Yukon gov't taking bids for empty Whitehorse lot with a view to more housing
Years after an empty lot in downtown Whitehorse was first considered for housing, the Yukon government is finally taking bids to develop the property — but the winning contract will now have to factor in protection from landslides.
The government-owned parcel at the corner of Fifth Avenue and Rogers Street has been considered for high-density housing since the Yukon Party was last in power back in 2015, but nothing has been done there in that time.
The current Liberal government promised the property beneath the clay cliffs would be sold for the development of up to 300 rental units — much-needed as the territory faces a housing shortage that's driven rents and real estate prices up.
The site was formerly used to store fuel, and in 2016, soil there was found to be contaminated, requiring remediation before the property could be put to tender.
The government was ready to take development proposals last spring. But landslides from the clay cliffs above the property put the safety of the site in question.
The government, in collaboration with the City of Whitehorse, said it wouldn't take bids from developers until the risks of future landslides in the area were assessed. The added delay garnered steady criticism from the Yukon Party in the Legislative Assembly last year.
That assessment is now complete, and developers will have until May 4 to submit their proposals for the lot.
The successful bid will now come with conditions.
The developer awarded the contract will have to build a berm, or natural barrier, at the base of the cliffs that border the lot to protect it from future landslides. It will also have to remove existing, dilapidated structures from the property and adhere to a permit that lays out safe development under remaining contamination.
Depending on the developer's plans, power lines may also have to be buried.
Lot has 'incredible potential' for housing, says premier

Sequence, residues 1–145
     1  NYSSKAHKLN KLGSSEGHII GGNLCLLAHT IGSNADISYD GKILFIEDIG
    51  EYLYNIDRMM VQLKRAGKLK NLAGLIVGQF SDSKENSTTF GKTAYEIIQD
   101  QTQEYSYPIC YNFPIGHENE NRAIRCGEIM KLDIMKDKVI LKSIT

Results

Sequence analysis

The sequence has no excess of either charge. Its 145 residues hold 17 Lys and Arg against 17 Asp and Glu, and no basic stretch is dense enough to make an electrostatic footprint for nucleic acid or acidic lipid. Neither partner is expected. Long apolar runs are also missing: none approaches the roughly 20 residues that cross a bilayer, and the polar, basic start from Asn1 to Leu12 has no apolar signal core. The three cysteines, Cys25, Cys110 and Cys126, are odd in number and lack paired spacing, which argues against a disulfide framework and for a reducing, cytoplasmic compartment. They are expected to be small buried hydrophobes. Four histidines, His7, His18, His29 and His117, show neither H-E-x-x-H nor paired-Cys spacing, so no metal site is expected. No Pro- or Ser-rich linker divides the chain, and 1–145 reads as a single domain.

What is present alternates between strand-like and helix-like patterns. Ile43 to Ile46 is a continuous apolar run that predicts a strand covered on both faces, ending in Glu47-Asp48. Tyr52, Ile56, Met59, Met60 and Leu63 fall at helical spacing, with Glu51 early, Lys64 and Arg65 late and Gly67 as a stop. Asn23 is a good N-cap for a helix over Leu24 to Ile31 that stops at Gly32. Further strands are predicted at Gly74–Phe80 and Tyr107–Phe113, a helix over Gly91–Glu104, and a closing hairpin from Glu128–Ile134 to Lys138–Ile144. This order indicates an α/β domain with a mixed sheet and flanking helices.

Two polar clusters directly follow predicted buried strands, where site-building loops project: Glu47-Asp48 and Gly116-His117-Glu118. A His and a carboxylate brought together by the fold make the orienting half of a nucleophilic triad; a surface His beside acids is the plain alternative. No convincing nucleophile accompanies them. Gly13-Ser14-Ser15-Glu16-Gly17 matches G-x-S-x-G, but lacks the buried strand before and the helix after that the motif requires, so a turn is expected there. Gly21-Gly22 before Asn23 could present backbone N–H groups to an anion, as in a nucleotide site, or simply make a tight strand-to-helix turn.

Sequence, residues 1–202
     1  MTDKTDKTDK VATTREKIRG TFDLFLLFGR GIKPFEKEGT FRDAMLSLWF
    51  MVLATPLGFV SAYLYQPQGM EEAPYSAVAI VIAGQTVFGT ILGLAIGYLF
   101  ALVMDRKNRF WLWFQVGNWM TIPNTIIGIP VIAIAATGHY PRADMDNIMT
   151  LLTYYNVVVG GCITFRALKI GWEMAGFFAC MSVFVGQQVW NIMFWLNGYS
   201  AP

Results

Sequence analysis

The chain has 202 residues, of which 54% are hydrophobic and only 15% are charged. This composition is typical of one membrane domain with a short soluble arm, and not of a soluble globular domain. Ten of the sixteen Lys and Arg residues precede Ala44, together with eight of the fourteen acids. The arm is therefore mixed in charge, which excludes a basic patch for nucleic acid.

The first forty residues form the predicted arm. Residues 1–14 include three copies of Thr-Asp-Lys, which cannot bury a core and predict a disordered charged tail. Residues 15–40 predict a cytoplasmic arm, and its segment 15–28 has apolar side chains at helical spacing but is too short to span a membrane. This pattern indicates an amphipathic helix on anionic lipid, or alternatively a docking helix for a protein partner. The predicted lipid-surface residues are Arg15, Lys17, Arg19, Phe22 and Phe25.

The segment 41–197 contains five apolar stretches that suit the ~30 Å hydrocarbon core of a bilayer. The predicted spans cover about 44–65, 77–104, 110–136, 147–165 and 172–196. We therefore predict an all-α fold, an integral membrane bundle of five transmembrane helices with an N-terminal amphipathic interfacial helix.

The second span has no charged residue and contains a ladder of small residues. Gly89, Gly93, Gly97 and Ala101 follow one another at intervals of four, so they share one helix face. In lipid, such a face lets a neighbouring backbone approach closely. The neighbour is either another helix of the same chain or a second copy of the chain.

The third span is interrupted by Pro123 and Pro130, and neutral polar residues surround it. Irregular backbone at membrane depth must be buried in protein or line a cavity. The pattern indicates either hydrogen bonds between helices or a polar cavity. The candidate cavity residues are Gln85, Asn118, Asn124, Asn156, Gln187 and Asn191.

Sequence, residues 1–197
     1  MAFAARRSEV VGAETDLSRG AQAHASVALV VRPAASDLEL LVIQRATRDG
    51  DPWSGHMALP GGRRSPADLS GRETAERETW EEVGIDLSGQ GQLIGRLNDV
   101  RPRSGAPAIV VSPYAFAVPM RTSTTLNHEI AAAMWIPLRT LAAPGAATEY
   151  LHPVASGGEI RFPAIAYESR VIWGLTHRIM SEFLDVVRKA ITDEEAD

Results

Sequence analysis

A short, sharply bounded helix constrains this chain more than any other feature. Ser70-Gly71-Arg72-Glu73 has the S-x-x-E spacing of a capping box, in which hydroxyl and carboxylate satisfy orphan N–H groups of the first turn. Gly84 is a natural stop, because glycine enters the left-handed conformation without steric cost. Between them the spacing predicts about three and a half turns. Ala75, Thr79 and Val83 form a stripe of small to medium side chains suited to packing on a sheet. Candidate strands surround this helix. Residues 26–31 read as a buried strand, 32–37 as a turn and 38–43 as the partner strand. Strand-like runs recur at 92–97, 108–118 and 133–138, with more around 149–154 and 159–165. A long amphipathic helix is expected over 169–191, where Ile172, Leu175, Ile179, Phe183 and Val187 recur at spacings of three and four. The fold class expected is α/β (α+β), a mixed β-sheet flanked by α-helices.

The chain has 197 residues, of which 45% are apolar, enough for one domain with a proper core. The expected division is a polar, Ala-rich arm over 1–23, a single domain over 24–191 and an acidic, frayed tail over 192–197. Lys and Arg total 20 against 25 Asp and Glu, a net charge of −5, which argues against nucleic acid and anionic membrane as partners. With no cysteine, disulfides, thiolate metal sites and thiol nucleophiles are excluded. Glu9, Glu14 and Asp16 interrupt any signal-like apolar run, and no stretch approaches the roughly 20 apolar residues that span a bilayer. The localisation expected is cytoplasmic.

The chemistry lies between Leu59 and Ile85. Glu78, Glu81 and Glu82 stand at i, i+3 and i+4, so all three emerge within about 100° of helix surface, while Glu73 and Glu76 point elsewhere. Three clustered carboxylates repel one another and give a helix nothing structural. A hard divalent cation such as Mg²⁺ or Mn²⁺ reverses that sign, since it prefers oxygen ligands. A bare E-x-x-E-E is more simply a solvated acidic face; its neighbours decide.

Despite the delays, premier Ranj Pillai told the Legislative Assembly Thursday that the property at Fifth and Rogers still has "incredible potential" to bring relief to the territory's housing crisis.
"Our government is, again, continuing to deliver on our commitment to increase housing supply in the territory so that all Yukoners have a place to call home," he said.
"This is something that successive governments have talked about. We will move on it. We think it's important that the private sector plays a key role in the diversity of our housing ecosystem."
Yukon NDP MLA Emily Tredger responded to the premier's statement as the third-party's housing critic.
"It is a relief to see that this parcel of land will now finally be available for development, and I'm hopeful that this is the last we hear of Fifth and Rogers, other than from new tenants telling their friends where they have just moved to," she said.
Pillai said delays had been necessary to guarantee the safety of future residents of the site.
Tredger added that the government should make affordability a priority for any future housing built there.
Affordability is one of several evaluation criteria on which development proposals will be scored. Others include cost, scheduling and collaboration with First Nations. The bid with the highest score will be referred to a management board for final approval. If approved, the property will be sold for development.